Teaching Tales: King David and the Spider

In this traditional Jewish tale, the former shepherd boy learns that each of God's creatures has a purpose

BY: Retold by Aaron Zerah

 
Reprinted with permission from "How the Children Became Stars" by Aaron Zerah , published by Sorin Books.

When King David was still a boy watching over his father's sheep, he often came upon spiders' webs strung across tree branches and shining in the sun. David thought the spiders were wonderful to weave such webs, but he could see no use for them.

 

David decided to ask God about it. "Why, O Creator of the world, did you make spiders? You can't even wear their webs as clothing!"

God answered David, "A day will come when you will need the work of this creature. Then you will thank me."

David grew up and became a courageous warrior. He defeated the giant Goliath and many enemies of the people of Israel. He married King Saul's daughter and the people adored him as the greatest man in the land.

King Saul was jealous and afraid of David and sent his soldiers to kill him. David ran away to the wilderness. He hoped King Saul's fit of anger would pass and David would be safe to return. But King Saul's men kept chasing him.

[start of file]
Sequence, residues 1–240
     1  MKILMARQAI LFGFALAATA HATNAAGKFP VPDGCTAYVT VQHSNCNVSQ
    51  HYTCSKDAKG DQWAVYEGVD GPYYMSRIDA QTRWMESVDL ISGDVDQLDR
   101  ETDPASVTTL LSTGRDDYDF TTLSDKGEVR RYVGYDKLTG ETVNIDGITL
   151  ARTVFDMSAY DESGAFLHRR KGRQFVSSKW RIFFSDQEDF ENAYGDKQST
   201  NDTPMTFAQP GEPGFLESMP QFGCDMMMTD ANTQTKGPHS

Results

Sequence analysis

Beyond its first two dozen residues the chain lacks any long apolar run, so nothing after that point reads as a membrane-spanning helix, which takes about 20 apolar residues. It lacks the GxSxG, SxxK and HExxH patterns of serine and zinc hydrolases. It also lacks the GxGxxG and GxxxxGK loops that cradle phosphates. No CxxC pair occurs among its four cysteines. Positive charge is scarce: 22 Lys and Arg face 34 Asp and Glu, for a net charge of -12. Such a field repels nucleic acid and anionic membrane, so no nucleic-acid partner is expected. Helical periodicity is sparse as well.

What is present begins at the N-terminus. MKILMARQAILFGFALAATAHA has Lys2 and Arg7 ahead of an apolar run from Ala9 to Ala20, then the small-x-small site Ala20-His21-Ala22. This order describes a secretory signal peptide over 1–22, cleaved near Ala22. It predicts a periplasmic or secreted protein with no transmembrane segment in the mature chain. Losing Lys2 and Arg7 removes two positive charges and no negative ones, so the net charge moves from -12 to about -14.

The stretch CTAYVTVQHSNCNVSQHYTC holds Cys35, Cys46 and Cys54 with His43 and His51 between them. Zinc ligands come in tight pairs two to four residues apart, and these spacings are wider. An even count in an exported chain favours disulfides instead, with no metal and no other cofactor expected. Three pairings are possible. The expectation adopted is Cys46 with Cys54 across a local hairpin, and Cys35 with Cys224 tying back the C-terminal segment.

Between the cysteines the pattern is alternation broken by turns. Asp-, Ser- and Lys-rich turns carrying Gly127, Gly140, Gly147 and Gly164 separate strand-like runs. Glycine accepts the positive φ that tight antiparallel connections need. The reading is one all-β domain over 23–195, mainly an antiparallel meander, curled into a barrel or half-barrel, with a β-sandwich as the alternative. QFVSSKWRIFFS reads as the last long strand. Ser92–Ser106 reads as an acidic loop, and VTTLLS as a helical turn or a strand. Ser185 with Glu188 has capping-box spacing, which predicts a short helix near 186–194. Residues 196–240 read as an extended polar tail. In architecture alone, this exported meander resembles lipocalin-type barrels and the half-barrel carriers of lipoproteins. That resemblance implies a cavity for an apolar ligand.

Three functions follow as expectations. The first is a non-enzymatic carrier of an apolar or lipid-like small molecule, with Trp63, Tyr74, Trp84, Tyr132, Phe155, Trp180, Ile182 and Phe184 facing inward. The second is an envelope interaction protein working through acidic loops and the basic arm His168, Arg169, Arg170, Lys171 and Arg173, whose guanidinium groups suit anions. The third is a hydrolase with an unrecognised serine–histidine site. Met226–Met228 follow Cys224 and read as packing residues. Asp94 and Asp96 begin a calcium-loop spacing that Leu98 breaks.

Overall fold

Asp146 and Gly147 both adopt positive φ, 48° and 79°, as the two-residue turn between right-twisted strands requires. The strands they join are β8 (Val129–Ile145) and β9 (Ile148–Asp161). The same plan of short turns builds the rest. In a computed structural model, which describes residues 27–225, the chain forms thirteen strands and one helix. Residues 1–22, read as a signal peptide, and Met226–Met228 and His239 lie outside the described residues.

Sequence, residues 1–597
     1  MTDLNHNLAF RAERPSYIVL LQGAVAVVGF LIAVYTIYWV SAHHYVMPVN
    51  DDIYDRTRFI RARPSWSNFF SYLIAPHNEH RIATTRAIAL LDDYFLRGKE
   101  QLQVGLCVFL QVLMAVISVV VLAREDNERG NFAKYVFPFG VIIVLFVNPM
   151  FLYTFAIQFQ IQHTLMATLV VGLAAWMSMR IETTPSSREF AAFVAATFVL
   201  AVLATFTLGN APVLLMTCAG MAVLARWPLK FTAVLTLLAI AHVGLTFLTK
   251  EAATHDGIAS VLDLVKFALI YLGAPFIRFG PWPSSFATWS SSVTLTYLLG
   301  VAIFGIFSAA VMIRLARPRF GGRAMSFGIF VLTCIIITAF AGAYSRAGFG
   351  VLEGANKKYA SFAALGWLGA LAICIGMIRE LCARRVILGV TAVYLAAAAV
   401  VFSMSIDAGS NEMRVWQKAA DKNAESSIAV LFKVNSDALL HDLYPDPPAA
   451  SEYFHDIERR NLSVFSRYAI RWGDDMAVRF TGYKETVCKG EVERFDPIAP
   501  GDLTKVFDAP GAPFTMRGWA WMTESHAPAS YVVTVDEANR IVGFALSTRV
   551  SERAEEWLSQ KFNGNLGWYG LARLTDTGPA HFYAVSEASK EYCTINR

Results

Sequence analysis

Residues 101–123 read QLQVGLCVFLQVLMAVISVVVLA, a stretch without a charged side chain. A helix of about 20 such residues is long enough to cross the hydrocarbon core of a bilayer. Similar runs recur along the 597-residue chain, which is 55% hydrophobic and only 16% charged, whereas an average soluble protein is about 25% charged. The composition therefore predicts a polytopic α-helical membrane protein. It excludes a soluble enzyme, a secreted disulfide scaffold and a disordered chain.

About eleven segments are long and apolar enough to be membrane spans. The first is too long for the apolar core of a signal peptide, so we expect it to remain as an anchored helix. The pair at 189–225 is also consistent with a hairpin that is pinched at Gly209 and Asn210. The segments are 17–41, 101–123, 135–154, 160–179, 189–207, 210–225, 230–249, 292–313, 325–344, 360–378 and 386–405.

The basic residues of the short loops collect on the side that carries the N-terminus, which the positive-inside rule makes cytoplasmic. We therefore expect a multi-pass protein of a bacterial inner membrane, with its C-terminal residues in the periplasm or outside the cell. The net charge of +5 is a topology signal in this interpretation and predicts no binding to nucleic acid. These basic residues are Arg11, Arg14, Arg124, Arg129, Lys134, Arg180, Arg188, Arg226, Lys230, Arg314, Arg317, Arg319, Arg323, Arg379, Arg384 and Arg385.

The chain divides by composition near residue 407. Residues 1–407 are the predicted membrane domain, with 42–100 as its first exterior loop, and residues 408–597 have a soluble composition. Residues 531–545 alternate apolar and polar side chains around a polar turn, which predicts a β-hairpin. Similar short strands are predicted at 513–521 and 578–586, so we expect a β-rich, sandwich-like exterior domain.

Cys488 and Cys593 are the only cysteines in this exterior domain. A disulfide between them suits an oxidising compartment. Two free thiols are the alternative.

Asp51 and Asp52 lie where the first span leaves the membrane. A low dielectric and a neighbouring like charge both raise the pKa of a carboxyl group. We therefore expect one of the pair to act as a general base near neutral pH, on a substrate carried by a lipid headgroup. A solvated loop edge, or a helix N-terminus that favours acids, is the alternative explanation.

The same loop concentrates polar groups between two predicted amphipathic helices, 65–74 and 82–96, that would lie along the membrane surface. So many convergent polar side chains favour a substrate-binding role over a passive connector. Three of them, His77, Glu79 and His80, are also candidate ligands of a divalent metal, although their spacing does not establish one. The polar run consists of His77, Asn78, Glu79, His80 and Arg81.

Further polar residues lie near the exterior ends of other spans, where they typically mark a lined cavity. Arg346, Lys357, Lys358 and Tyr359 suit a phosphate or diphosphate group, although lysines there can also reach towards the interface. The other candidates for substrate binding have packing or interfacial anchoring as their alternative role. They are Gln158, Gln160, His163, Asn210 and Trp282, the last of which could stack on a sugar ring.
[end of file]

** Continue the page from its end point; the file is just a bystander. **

At last, the soldiers were very close. David ran into a cave to hide. He heard the footsteps of the men and knew that they would soon find him. David was so afraid, his bones shook and hurt.

But then David saw a big spider at the front of the cave. Very quickly, it was spinning a web all the way across the opening. Just before the soldiers came up to the cave, the spider finished the web. As the men started to enter the cave, they ran into the web. "Look," they said, "This web is unbroken. If David were here, he'd have torn the web to pieces. He must be hiding somewhere else. Let's go!"

So because of the spider, David's life was saved. David understood that God was wise and thanked God for creating all the creatures, including the spiders.

Bringing It Home

To Do This Week

 Imagine you are a spider. Describe the webs you make and what good they are to you and others.

  • Together, go look at a spider's web. Then draw or paint a picture of both a spider and a web.
  • Tell a story about when you really needed help and someone you didn't expect--like the spider--ended up helping you.
  • Name three different animals. Why do you think God created them?
  • Pretend that David asked you, "Why has God created you?" What is your answer?
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